Famous last words? Maybe not, but I have a feeling that all of this will come back to haunt the current de-facto dictator of Honduras–preferably when he’s sitting in a nice, dank cell in a penitentiary somewhere:
Translation mine; emphasis added.So, you can now see clearly the arrogance of this unelected little man. Not only has he usurped power in his native Honduras; now he’s trying to tell Brazil and Venezuela what to do, too. And he’s telling the US to back off, too? And he thinks he is “the people of Honduras”?And after breaking with the San José Accord (which should never have been reached, IMO, because it grants him way too much bogus legitimacy) he has the gall to accuse Zelaya, who complied, of breaking it? And oh yeah, then there’s the little matter of his ordering Zelaya deported–in his pajamas. Excuse me, who committed the crime, again?Maybe a max-security rubber suite at the nuthouse would be in order. Where else would you house someone who thinks he’s Napoleon?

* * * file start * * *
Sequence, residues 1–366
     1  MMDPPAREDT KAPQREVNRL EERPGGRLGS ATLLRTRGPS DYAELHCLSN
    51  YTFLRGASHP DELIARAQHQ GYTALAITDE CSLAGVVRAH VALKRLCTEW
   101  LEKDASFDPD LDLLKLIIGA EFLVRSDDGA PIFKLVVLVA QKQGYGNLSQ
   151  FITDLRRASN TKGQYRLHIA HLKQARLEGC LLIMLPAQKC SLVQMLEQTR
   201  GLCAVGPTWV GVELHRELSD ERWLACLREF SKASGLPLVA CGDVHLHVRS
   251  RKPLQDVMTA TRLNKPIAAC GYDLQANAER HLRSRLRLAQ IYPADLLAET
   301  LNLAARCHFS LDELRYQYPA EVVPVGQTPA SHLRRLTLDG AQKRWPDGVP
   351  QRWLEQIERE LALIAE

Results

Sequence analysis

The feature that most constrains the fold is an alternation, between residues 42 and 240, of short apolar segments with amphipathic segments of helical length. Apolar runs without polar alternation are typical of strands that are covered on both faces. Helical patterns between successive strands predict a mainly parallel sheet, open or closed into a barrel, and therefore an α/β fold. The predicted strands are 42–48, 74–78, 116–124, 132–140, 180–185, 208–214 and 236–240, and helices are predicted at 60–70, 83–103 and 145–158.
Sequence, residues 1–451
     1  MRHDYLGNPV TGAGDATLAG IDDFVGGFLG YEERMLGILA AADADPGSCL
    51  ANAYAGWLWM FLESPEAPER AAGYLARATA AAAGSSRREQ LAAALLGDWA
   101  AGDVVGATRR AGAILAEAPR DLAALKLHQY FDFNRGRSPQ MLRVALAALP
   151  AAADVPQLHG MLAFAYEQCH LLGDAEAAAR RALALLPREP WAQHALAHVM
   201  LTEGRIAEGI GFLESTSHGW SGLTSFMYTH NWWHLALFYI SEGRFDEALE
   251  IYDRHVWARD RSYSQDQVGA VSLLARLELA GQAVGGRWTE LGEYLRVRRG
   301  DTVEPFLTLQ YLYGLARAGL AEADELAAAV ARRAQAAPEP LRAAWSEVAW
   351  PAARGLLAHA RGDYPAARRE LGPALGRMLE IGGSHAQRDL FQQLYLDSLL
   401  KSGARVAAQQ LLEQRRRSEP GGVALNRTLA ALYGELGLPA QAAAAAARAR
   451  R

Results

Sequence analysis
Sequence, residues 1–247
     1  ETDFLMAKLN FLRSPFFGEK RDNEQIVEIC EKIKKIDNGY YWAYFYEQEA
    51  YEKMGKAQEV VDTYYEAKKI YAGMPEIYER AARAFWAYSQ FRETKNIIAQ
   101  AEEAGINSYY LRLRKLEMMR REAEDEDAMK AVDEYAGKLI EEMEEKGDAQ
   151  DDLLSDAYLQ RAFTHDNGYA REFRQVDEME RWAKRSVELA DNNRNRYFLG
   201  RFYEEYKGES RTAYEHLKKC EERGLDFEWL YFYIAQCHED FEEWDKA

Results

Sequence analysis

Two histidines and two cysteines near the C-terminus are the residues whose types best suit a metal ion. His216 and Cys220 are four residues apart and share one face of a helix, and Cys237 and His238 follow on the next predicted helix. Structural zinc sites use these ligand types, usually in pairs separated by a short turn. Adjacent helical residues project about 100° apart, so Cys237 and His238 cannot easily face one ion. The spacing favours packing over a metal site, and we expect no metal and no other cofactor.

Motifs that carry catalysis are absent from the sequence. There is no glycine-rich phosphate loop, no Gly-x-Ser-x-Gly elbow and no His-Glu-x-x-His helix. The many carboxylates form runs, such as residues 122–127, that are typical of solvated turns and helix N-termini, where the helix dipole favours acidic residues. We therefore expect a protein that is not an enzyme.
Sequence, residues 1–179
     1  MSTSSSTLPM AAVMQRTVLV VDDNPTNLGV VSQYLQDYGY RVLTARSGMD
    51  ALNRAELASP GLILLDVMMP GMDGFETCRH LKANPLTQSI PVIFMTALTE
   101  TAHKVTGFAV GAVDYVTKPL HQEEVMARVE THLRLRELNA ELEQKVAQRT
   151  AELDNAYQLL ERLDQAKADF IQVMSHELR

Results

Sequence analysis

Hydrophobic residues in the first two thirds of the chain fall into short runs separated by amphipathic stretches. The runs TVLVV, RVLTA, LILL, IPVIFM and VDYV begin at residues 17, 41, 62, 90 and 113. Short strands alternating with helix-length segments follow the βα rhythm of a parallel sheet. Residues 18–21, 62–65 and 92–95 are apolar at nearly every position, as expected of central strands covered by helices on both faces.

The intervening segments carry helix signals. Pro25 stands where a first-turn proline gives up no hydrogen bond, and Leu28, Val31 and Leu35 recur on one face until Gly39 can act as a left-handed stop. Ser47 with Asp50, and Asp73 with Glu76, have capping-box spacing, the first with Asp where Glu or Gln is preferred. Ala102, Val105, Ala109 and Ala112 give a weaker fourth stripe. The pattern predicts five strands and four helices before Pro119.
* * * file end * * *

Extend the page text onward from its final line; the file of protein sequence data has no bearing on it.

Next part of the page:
On Monday night, the de facto president of Honduras, Roberto Micheletti, told Venzuelans to “get rid of” president Hugo Chávez Frías, claiming he was a menace to the Venezuelan economy.Micheletti, ringleader of the junta that launched a coup d’état against the legitimate president, Manuel Zelaya, once again claimed a supposed “interference” on the part of Chávez, whom he called a “dictator”, as an excuse to call for insurrection in Venezuela during an interview he gave to the channel Televicentro.“Get rid of that dictator politically, because he’s doing damage to your economy….You have to have dignity and don’t give him any more chances to humiliate you,” Micheletti harangued the Venezuelan people.Regarding the declarations made by US secretary of state Hillary Clinton, and Costa Rican president Oscar Arias, who both expressed themselves in favor of the return of Zelaya and asked for compliance [on Micheletti’s part] with the San José Accord, Micheletti said: “I hope Hillary and Arias like what’s coming out of Zelaya’s return now, and that they don’t complain if there are lamentable consequences.“I think what Arias did ended when Zelaya got here, this immediately broke any accord we reached. I respect the opinion of the gringos but they can say what they like–this is our position, the sovereign one taken by the people of Honduras,” said Micheletti.He said he maintains his position on the reinstatement of Zelaya: “He must present himself before justice and be judged. There is no other way out but before justice, it’s the obligation of any citizen who has committed a crime.”He ruled out any chance that “Mel” would return to take the reins of Honduras: “There is no form in which he could return to the presidency, he left the country without being president of the republic.”Finally, regarding the decision of Brazil to house Zelaya in its embassy, he said that Brazil must either grant him asylum or hand him over to Honduran justice.